“I’ve had pharmacies that fully have been transphobic,” Anthony said. They said some pharmacists won’t use a patient’s preferred name or otherwise treat them poorly when they’re trying to fill a prescription for hormone therapy — and that can happen anywhere in the state. “It doesn’t have to be rural Oregon,” Anthony said. “Bias is everywhere.”

Anthony points callers to trans-friendly pharmacies and offers medications by mail. They also help people who aren’t Planned Parenthood patients avoid awkward phone calls by calling around to clinics in rural areas to see where gender affirming care can be accessed. “It’s very hard to vet,” they said, adding that patients get discouraged after calling a clinic and getting a negative response.

Anthony also fields frequent out of state calls — especially from Florida — offering advice to people who are planning to move to Oregon. One of the biggest needs is getting around patient waitlists. Anthony said callers don’t want to delay treatment for months upon their arrival because they can’t get insurance coverage or must wait weeks for an office visit.

Nearly 500 anti-trans bills have been introduced across the U.S. this year, according to the American Civil Liberties Union. Four were passed into law in Florida. Seven were also introduced in Oregon, but they failed to advance. Instead, Oregon lawmakers doubled down on protections and passed House Bill 2002, which expanded the range of gender affirming care procedures that insurance companies must cover.

“I don’t think people really know how important access to care is — that is quality and informed care — for trans, non-binary and gender diverse populations,” Anthony said. “But we’re changing that.”  

Barriers to coverage

Anthony estimates that about 30% of their patients receive gender affirming care that isn’t covered by insurance, forcing them to pay out of pocket. Hormone therapies alone can retail from about $47 to $1,300 per month, according to prices listed on GoodRx. Sometimes coupons are available, but patients don’t always know that.

Pricing for a one-month supply of a commonly used hormone gel on GoodRx. Some patients are unaware they can use coupons such as this.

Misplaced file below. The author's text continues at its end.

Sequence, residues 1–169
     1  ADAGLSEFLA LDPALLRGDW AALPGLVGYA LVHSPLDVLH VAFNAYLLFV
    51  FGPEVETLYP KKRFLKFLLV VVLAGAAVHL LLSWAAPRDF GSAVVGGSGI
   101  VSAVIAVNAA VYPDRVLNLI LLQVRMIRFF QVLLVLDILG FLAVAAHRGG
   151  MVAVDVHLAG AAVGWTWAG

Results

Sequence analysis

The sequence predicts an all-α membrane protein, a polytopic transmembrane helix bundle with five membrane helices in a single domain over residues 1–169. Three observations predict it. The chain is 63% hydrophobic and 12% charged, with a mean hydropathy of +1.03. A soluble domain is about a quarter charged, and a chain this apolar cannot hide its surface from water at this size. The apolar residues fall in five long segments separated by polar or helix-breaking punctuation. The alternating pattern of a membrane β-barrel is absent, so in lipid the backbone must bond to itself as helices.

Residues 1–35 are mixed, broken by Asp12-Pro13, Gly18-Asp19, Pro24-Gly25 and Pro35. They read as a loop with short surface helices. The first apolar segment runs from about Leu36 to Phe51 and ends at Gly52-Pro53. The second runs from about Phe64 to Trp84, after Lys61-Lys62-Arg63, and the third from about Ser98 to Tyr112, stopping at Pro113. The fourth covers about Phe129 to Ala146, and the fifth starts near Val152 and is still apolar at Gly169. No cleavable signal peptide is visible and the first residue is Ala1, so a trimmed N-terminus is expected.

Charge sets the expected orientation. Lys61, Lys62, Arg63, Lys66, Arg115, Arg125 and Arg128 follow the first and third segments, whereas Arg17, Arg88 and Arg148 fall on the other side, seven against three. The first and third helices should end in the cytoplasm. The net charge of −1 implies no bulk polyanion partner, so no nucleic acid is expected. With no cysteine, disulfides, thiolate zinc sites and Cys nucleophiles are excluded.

House Bill 2002 
H.B. 2002 goes into effect Jan. 1, 2024. The abortion and gender affirming care bill — which became the focal point of Senate Republicans’ walkout in the last legislative session — will expand the range of procedures that insurance companies are required to cover, such as the costly hair removal required before some gender reassignment surgeries. 
It will not, however, change criteria a patient must meet to access care. 
According to the Oregon Department of Consumer and Business Services, H.B. 2002 will prohibit insurance companies from offering a health benefit plan in Oregon that:
  • denies or limits coverage for gender-affirming treatment that is medically necessary as determined by the prescribing provider
  • applies categorical cosmetic or blanket exclusions to medically necessary gender-affirming treatment
  • excludes medically necessary gender-affirming procedures, such as tracheal shaves, hair electrolysis and facial feminization surgery, as cosmetic services
  • denies or limits access to gender-affirming treatment unless a health care provider with experience in gender-affirming treatment has first reviewed and approved the denial or limitation
It also:
  • requires a health benefit plan to include a sufficient number of gender-affirming treatment providers in their networks to ensure geographic access